On a trip to Oxford a few years ago, grabbing a bite at the Eagle and Child Pub was on the top of my list, as it would be for any good C.S. Lewis fan visiting his old stomping grounds for the first time.
My friend and I sat in the back room where the Inklings met every Tuesday between 1939 and 1962. Our conversation began light but soon turned to theology, economics, and politics—just as I imagine it would have in a meeting between C.S. Lewis and J.R.R. Tolkien.
We agreed on some things but disagreed on others, particularly on solutions to poverty. It made me think, what would Lewis say about poverty if he were here right now?
Our conversation inspired me to explore some of Lewis’s works I had left unread, so when I returned home, I picked up his essay “Is Progress Possible? Willing Slaves of the Welfare State” (published by the Observer in 1958). I imagine if Lewis had been with us at the pub that day, he would have had much to contribute. Here are his points that struck me the most.
It’s important to note that Lewis made these points while talking about England in 1958. Might these points bear relevance for us today?
1. Progress toward greater human flourishing is possible, but only if we choose the right path.
Progress, for me, means increasing goodness and happiness of individual lives….We can become either more beneficent or more mischievous. My guess is we will do both; mending one thing and marring another, removing old miseries and producing new ones, safeguarding ourselves here and endangering ourselves there.
2. We are choosing the wrong path when we willingly trade our freedom for a welfare state.
In the ancient world, individuals sold themselves as slaves in order to eat. So in society. Here is a witch-doctor who can save us from the sorcerers—a war-lord who can save us from the barbarians—a Church that can save us from Hell. Give them what they ask, give ourselves to them bound and blindfold, if only they will! Perhaps the terrible bargain will be made again. We cannot blame men for making it. We can hardly wish them not to. Yet we can hardly bear that they should.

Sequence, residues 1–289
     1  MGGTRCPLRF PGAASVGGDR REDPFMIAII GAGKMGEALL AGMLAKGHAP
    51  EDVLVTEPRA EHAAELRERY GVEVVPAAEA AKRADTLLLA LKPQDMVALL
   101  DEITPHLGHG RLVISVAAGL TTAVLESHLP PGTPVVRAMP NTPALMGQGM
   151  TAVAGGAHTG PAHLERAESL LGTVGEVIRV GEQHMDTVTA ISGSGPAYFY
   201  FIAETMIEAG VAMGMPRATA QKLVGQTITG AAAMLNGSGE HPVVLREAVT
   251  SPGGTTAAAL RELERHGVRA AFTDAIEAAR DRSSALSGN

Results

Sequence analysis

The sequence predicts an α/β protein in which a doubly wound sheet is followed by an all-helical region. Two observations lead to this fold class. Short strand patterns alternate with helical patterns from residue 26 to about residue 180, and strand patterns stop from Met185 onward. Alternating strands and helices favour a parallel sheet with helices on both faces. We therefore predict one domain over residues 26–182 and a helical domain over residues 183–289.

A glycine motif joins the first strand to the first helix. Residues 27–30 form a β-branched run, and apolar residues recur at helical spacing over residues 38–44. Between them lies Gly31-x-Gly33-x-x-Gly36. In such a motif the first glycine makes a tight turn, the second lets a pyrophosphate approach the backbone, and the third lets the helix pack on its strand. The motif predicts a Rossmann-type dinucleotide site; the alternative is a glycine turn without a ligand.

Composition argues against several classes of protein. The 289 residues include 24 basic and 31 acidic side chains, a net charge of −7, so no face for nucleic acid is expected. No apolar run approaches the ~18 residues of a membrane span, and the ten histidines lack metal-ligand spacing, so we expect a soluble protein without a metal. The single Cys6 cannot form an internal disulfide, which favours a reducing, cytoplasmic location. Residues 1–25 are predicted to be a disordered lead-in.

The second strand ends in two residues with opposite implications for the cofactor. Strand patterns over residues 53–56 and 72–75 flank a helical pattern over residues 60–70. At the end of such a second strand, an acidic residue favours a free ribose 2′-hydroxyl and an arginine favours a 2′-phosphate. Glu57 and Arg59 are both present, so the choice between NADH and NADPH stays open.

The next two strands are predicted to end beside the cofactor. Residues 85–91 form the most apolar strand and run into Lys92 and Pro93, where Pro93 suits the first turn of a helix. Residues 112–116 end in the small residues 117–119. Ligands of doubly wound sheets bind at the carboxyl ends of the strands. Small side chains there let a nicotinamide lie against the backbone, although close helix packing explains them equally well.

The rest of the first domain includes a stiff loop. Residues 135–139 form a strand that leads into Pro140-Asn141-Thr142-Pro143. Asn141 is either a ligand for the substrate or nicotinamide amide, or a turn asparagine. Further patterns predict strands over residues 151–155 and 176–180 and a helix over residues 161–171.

3. The state cannot save us from poverty.
A hungry man thinks about food, not freedom. We must give full weight to the claim that nothing but science, and science globally applied, and therefore unprecedented Government controls, can produce full bellies and medical care for the whole human race: nothing, in short, but a world Welfare State. It is a full admission of these truths which impresses upon me the extreme peril of humanity at present.
4. Freedom restores flourishing.
I believe a man is happier, and happy in a richer way, if he has ‘the freeborn mind.’ But I doubt whether he can have this without economic independence, which the new society is abolishing. For economic independence allows an education not controlled by Government; and in adult life it is the man who needs, and asks, nothing of Government who can criticise its acts and snap his fingers at its ideology. Read Montaigne; that’s the voice of a man with his legs under his own table, eating the mutton and turnips raised on his own land. Who will talk like that when the State is everyone’s schoolmaster and employer? Admittedly, when man was untamed, such liberty belonged only to the few. I know. Hence the horrible suspicion that our only choice is between societies with few freemen and societies with none.
5. We are meant for more than a welfare state.
To live his life in his own way, to call his house his castle, to enjoy the fruits of his own labour, to educate his children as his conscience directs, to save for their prosperity after his death—these are wishes deeply ingrained in civilised man. Their realization is almost as necessary to our virtues as to our happiness. From their total frustration disastrous results both moral and psychological might follow.
To Lewis, the rise of the modern welfare state in the United Kingdom at that time was not true progress at all. He proposed that pushing back on the expanding government and reclaiming freedom would lead to true progress toward greater human flourishing.
Echoing Micah 4:4, which says, “Each of them will sit under his vine and under his fig tree, with no one to make them afraid,” Lewis envisioned a society where each person is free to sit at their own table and eat their own “mutton and turnips.”
These are the concerns Lewis expressed in 1958, but when considering the role of government, these are questions we must always consider, perhaps even over a pint at a pub with our friends just as C.S. Lewis would prefer.
Editor’s note: Read more about the topic of freedom in Free Indeed: Living in Light of the Biblical View of Freedom.
On “Flashback Friday,” we publish some of IFWE’s former posts that are worth revisiting. This post was first published on Nov. 18, 2014.
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Photo credit: Jandy Stone